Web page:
Anthony Guerra, noted HIT industry blogger and editor of HealthSystemCIO, has written extensively about the pressures and stresses facing hospital Chief Information Officers (CIOs) due to the myriad government programs making demands on their skills and their time. His recent survey revealed that a mere 16% of CIOs manage to maintain a relatively normal workweek of 40–49 hours, while 35% report working over 60 hours per week. In my opinion, the current level of stress extends throughout all levels of the IT staff—a sentiment echoed at today’s HIT Policy Committee meeting as they evaluated the recommendations for Stage 2 meaningful use.
This is not surprising. In the midst of upgrading to meet meaningful use requirements—a bigger challenge for many hospitals than originally anticipated—IT departments are expected to simultaneously prepare their facilities to comply with the impending 5010 requirements and convert their systems from ICD-9 to ICD-10. Also looming in the not-too-distant future are the newly defined Accountable Care Organizations (ACOs), which will require significant and expanded data and reporting capabilities. All of this is compounded by a shortage of IT professionals in the healthcare arena.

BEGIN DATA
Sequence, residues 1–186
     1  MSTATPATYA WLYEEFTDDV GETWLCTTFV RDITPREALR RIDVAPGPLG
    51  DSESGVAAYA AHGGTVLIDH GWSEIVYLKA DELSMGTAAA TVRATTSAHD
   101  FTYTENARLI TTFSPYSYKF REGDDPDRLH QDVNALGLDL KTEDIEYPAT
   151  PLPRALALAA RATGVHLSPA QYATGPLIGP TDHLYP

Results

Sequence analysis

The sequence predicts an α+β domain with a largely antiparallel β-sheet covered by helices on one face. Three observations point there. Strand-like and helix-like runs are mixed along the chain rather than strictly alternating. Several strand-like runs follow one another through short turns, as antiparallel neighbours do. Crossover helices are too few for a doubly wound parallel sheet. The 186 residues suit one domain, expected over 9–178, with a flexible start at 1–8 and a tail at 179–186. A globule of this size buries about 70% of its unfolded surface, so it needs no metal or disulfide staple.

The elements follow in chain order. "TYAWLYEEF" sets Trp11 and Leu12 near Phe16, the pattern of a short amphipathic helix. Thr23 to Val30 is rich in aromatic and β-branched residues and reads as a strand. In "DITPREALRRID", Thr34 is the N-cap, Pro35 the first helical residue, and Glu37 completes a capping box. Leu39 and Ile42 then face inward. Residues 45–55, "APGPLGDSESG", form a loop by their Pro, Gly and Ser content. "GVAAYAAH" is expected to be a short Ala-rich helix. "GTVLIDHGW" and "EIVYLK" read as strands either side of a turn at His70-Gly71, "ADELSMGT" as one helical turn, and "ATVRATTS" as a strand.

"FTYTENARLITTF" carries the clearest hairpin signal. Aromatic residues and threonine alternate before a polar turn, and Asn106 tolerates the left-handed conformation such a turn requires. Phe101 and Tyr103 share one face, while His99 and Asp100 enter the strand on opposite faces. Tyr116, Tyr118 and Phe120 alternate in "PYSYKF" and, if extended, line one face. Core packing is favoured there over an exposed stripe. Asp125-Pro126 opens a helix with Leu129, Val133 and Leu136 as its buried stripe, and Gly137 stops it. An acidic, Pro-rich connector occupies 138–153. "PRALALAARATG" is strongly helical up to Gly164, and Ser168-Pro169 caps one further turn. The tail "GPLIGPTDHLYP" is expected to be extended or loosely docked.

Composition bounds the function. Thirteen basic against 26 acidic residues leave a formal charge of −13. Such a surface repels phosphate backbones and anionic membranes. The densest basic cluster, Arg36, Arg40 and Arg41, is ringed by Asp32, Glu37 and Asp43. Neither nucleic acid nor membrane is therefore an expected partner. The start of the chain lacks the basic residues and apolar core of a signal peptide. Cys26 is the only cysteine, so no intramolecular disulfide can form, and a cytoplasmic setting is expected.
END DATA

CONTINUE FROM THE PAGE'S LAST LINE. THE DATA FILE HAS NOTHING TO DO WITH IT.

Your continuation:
So how does this relate to private-practice physicians—the constituency on whom I typically focus? I’ve cautioned in a previous post, One Size Does Not Fit All, about the mismatch between the EHR needs of hospitals and of physicians in private practice. Physicians should also be wary of adopting their hospital’s EHR if they are doing so with the expectation that the hospital’s IT resources will be at their disposal. They will be sadly disappointed—supporting private practice physicians, particularly specialists, will be low on the list of priorities for IT staff when their plates are already overflowing.